A new Computer Security Audit Report was released by Legislative Division of Post Audit State of Kansas in July 2009 providing an overview of computer and network security for five state agencies. The audit found weak password controls and missing security patches for servers and 39 percent of one unnamed agency’s passwords were cracked within five minutes using free software that can be easily downloaded from the Internet.
To breach an agency’s passwords, hackers scan vulnerable servers that may not have the latest security patches applied and then locate an encrypted list of passwords they can copy and use password cracking software to reveal users’ passwords.
Both of the primary weaknesses targeted in this audit – server patches and weak passwords – reveal how a lack of implementation can lead to critical gaps that can lead to expensive and embarrassing incidents.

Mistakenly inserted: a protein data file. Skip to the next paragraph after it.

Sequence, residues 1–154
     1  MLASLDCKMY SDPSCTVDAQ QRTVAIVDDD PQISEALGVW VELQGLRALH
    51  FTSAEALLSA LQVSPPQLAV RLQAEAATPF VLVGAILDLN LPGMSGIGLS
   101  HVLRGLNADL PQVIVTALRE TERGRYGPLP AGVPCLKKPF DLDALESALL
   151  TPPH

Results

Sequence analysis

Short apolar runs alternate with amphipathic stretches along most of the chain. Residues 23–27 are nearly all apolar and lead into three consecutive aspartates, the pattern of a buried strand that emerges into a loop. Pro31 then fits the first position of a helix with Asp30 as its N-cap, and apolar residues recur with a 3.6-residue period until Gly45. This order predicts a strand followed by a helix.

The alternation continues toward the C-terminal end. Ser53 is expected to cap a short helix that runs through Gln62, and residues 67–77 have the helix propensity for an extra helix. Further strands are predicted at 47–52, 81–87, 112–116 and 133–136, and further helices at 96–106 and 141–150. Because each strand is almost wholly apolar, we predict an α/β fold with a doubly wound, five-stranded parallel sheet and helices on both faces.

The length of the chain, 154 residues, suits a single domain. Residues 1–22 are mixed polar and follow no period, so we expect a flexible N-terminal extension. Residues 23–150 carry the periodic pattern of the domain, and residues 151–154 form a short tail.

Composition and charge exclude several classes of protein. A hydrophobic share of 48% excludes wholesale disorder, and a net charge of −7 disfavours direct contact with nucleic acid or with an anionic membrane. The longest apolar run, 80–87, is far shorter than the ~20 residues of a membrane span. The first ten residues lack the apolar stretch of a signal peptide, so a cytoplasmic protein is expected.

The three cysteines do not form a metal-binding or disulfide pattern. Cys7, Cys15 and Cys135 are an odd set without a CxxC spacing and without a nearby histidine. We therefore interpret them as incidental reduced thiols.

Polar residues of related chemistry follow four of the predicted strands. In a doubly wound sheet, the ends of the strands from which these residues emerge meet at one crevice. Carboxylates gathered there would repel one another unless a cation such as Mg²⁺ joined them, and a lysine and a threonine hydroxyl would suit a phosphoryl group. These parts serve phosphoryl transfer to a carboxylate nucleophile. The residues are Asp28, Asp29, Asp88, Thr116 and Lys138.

Just because an agency or organization has policies in a binder or on an intranet, does not mean that the policies and procedures are implemented.
The last line of the article was quite insightful regarding the importance of implementation stating:
“Even the agency that had relatively strong policies and settings had 35 percent of its passwords cracked within five minutes.”
Lesson Learned: Just because an agency or organization has policies and does once-a-year general training, does not mean the policies are implemented. People (managers, employees, IT personnel, partners, contractors, vendors, etc.) must understand and accept responsibility for implementing policies so they can become a layer of security rather than a gap in your security.